Exercise interventions for the management of obesity and type 2 diabetes mellitus
Over the past several decades, exercise interventions have been an effective management strategy for patients with obesity and T2DM.78,79 Notably, the benefits of exercise are significant when combined with lifestyle, dietary and behaviour modifications.80 The evidence for the effectiveness of exercise is derived from multiple large RCTs. Exercise helps not only patients with obesity and diabetes but also those in the risk group for developing metabolic diseases, including diabetes and obesity.81 Exercise training, including aerobic, resistance and high-intensity interval training, improves the metabolic profile of patients with metabolic diseases.82,83 Exercise results in significant energy expenditure, which is critical for the remission of obesity-associated T2DM. Additionally, exercise training in adults with T2DM improves the overall glycaemic control, insulin action and other metabolic parameters.82,84 Not surprisingly, exercise training programmes also improve the functions of skeletal muscle, heart, pancreas, liver and adipose tissue.85 A meta-analysis provided strong evidence for the benefits of combined exercise on metabolic profile in overweight/obese patients with T2DM, including weight loss, insulin sensitivity, glycaemic control, serum lipids and blood pressure.86 The results were: weight loss assessed by BMI (mean difference [MD] -0.98 kg/m2, 95% CI -1.41, -0.56); glycaemic control assessed by HbA1c (MD -0.16%, 95% CI -0.28, -0.05); markedly reduced insulin resistance (MD -1.19, 95% CI -1.93, -0.46); reduced serum insulin levels (MD -2.18 μIU/mL, 95% CI -2.99, -1.37); reduced diastolic blood pressure (MD -3.24 mmHg, 95% CI -5.32, -1.16).86 Several modalities of exercises have benefits in the management of obesity and diabetes. Moderate-to-vigorous aerobic exercise training improves cardiac output while reducing the cardiovascular and overall mortality in patients with T2DM.87 In addition, aerobic exercise significantly induces weight loss, promotes glycaemic control, improves HbA1c levels, and improves lipid and lipoprotein metabolism.80 Recently, a meta-analysis indicated that structured physical exercise programmes, including aerobic training, combined training and resistance training, might improve functional capacity assessed by the 6-minute walk test (51.6 m, 95% CI 7.6%, 95.6%; I2 92%), one-repetition maximum leg-press (18.0 kg, 95% CI 4.0%, 31.9%; I2 0%), and maximum oxygen consumption (2.41 mL/kg·min, 95% CI 1.89%, 2.92%; I2 100%) in patients with T2DM.88 Interestingly, a recent study also indicated that a virtual multidisciplinary intensive lifestyle intervention was as effective as in-person intervention programmes aimed at increasing body weight loss, improving metabolic profile and reducing medication in patients with T2DM and obesity.89 Table 2 90–93 summarizes the health benefits and safety issues associated with various exercise programmes, and Figure 2 summarizes the physiological aspects of exercise metabolism and how they benefit T2DM and obesity prevention.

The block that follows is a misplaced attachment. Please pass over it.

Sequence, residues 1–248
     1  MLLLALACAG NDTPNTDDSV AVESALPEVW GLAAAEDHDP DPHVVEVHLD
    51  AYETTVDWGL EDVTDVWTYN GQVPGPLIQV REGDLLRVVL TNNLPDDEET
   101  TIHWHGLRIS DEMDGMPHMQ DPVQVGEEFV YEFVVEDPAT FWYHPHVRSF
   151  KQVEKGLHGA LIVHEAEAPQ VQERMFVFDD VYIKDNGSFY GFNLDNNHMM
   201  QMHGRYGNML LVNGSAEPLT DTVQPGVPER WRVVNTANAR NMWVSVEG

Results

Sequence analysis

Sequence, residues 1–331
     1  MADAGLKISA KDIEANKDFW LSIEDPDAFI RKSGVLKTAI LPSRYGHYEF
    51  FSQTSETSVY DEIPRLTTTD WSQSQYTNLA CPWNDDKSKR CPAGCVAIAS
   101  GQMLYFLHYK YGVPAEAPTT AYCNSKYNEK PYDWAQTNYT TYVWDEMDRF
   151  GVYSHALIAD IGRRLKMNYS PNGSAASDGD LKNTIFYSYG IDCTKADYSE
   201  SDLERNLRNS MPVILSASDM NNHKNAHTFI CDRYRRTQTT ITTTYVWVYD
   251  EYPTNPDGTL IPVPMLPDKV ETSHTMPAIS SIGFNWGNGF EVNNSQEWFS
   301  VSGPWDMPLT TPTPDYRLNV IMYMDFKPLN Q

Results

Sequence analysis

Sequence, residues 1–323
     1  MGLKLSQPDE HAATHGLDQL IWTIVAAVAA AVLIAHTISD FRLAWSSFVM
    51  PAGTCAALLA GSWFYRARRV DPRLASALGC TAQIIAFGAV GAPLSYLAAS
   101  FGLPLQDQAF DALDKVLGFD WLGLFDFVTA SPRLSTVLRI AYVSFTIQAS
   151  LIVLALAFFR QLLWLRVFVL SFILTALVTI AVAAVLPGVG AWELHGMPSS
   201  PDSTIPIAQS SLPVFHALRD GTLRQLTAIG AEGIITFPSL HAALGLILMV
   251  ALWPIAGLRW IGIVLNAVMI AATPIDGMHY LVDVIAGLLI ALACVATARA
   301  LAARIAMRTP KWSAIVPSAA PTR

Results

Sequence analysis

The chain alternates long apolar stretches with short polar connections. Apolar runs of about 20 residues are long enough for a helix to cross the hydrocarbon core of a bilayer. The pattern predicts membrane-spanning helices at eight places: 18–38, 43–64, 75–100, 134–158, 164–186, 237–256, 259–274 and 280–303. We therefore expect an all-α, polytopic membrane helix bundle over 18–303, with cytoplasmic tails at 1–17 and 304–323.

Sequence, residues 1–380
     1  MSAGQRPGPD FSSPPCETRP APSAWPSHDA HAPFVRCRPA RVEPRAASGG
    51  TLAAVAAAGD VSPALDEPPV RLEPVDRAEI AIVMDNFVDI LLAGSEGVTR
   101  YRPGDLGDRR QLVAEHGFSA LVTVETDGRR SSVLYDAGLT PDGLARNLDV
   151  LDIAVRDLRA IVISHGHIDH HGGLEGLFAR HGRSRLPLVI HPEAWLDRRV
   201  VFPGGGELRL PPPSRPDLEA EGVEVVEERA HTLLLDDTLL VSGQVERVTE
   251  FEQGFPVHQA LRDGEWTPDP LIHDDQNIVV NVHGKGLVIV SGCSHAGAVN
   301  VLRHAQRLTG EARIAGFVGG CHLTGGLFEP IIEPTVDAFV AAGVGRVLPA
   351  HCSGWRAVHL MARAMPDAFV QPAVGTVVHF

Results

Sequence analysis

Tai chi is an ancient tradition from China that is practised as a form of exercise. It involves a series of focused slow movements along with deep breathing and stretching. It involves constant body movements, with no pauses as the body changes from one posture to the other.94 Tai chi is known as an effective way of managing blood glucose levels and HbA1c in patients with T2DM.95 A recent meta-analysis showed that long-term practice of tai chi significantly lowers blood glucose levels and HbA1c in patients with T2DM.96 Another meta-analysis including 798 individuals showed that tai chi is more efficient at lowering blood glucose levels (MD -1.39, 95% CI -1.95, -0.84; p<0.0001) and HbA1c (MD -0.21, 95% CI, -0.61, 0.19; p=0.31) compared with no exercise.97 No significant difference was observed between aerobic exercises and tai chi in lowering blood glucose levels (MD -0.50, 95% CI -1.02, 0.02; p=0.06), and although tai chi showed a greater reduction in HbA1c than aerobic exercise, the statistical significance was only borderline (MD -0.19, 95% CI -0.37, 0.00; p=0.05).97 These data indicate the potential benefits of tai chi on the management of metabolic diseases.
Yoga originated in India. It is considered to bring balance and harmony between the mind, body and emotions.98 Yoga is practised worldwide for the management and control of lifestyle diseases.99,100 T2DM is one of the lifestyle diseases that can be controlled using yoga. Yoga draws on immune mechanisms along with psycho-neuro-endocrine mechanisms to produce a beneficial effect in the treatment of T2DM.101,102 The incorporation of yoga into the daily routine is also known to reduce the probability of people without diabetes from becoming diabetic and to reduce the risk and complications associated with T2DM.101,102 Clinical studies have demonstrated the use of yoga in lowering blood glucose levels and reducing the incidence of T2DM.103,104 Yoga helps in the activation of anti-stress mechanisms along with parasympathetic activation, aiding lipid metabolism, improving glucose tolerance and increasing the sensitivity to insulin, and hence, the overall psychological and metabolic profiles of patients.105,106 The practice of yoga includes various asanas, mudras, meditation, pranayamas and bandhas that can lower blood glucose levels, as well as control and manage various comorbidities associated with T2DM; thus, yoga is a useful method of T2DM management.107